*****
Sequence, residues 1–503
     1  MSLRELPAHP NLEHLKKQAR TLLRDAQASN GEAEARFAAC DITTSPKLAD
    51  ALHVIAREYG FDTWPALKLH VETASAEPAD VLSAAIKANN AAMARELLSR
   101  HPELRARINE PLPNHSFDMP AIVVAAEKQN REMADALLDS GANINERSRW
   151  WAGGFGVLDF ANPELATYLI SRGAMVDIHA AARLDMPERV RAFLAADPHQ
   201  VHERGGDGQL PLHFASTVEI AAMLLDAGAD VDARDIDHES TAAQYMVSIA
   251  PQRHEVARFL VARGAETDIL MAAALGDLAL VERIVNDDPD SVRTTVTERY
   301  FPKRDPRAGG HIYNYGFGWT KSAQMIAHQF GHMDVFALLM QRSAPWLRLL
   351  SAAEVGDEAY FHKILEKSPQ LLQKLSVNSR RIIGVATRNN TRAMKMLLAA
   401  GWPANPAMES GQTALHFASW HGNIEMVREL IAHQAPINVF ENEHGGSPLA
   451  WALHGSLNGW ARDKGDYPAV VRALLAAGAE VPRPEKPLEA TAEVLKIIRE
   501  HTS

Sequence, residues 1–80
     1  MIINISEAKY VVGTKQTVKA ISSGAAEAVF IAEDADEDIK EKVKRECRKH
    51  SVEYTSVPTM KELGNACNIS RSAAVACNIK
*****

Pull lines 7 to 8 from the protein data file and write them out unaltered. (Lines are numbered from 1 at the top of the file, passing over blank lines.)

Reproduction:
   251  PQRHEVARFL VARGAETDIL MAAALGDLAL VERIVNDDPD SVRTTVTERY
   301  FPKRDPRAGG HIYNYGFGWT KSAQMIAHQF GHMDVFALLM QRSAPWLRLL